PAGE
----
Fatima’s sponsor had cancelled her sponsorship at the end of 2007. During the two years she had not received one single personal response from the girl and we were able to understand her disappointment.
We had emphasized to the girl and her older brother during each of our visits that the money was coming from a friend in Switzerland and not from us, providing the sponsor’s address several times. Why neither the girl nor her brother had never made use of it, was a mystery to us. We knew all the time that the sponsor was waiting for a letter or a card but it was out of question for us to demand it.
Resla was writing very often and she most of the time added nice paintings. She was delighted about the box of fancy crayons from Switzerland. She was the only one that had met her sponsor and maybe because of that, it was much easier for her to keep contact. She, as always, wanted to know when Auntie Monika would visit again.
Well, as a matter of fact, Maduka had met his sponsors also – without knowing it. As his original sponsor had dropped out after one year we had filled in, but could not see any reason to tell him. He still gives us letters for his Auntie Amanda. He had grown quite a bit. We took Maduka on a shopping tour together with his cousin of the same age, and his other cousin, Bomali. We do get a discount at the shoe shop as well as at the clothing shop.
For Bomali, we again went for fabric and I dared to ask her mother (Maduka’s Aunt) about the weight of the girl. We had been aware that the girl was mentally behind her age and her mother told us that the girl lacked any feeling of satiety. If she would not watch her very closely, Bomali would not stop eating. She was very grateful that the girl did get to go to school and did not sit at home the whole day. Of course, she would not learn much, but the girl was happy to attend school and be part of the class.
Ruhi is such a beauty. She is a very good student and showed us her school notebooks. The girl had grown up a lot – not only physically! More than a year ago she had called the wife of her uncle, Amma and the baby of the uncle, she called, Sister.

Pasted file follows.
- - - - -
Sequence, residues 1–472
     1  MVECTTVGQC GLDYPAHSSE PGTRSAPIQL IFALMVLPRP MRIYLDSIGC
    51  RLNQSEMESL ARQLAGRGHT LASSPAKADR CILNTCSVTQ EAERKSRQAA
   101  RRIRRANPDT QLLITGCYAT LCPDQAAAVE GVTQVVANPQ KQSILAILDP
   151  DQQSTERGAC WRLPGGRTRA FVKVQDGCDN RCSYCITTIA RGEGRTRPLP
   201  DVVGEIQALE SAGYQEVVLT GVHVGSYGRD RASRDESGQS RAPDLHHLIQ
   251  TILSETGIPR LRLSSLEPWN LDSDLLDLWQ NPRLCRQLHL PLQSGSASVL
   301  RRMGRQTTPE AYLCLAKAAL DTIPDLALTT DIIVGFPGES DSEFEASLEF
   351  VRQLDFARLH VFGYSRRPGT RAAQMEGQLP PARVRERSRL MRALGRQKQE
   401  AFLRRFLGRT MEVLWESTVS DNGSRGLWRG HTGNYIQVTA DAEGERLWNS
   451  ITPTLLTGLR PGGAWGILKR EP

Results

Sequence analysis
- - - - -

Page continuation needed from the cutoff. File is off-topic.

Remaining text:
My romantic imagination that with the marriage of the uncle, Ruhi had found new parents and a home with siblings was a bit shattered. She was living in the house of the grandparents again, with the baby spending the day there as well, since the mother had to work. Ruhi was now calling them Auntie and Cousin and even if this was the correct term, it strangely enough did hurt somehow.
Where exactly the aunt was working as an English and Japanese teacher? I was not able to find out as her English was hardly understandable to me ………………
She praised Ruhi’s school performance and also at the Arabic and the religious classes, she was the best of the class. Ruhi very proudly showed us a certificate and showed us her dress that she was wearing for religious classes.
Together, with the remark of her aunt that the girl did not have to go to school unaccompanied and that she would do the utmost that Ruhi would become a “good” girl, I felt somehow uneasy.
But Ruhi’s happy and proud face reminded me that it was not up to me to decide what would be best for the girl. She was growing up in a country where girls are not raised to be independent and to be a “good” girl will be her only dowry.
We received a very special letter after our return to Switzerland from Sithy Sameela’s mother. She sent a copy of her admission to the university, Sameela had achieved in the Summer. She thanked us again for the support as they would not have been able to keep Sameela at the Girls’ College in Kandy. She also expressed her disappointment, that they had not been able to meet us during our stay.
We sent them a Christmas card and explained that it is impossible for us to visit everyone. I also let her know what a joy it is to hear from smart girls for once; not only the “good” ones.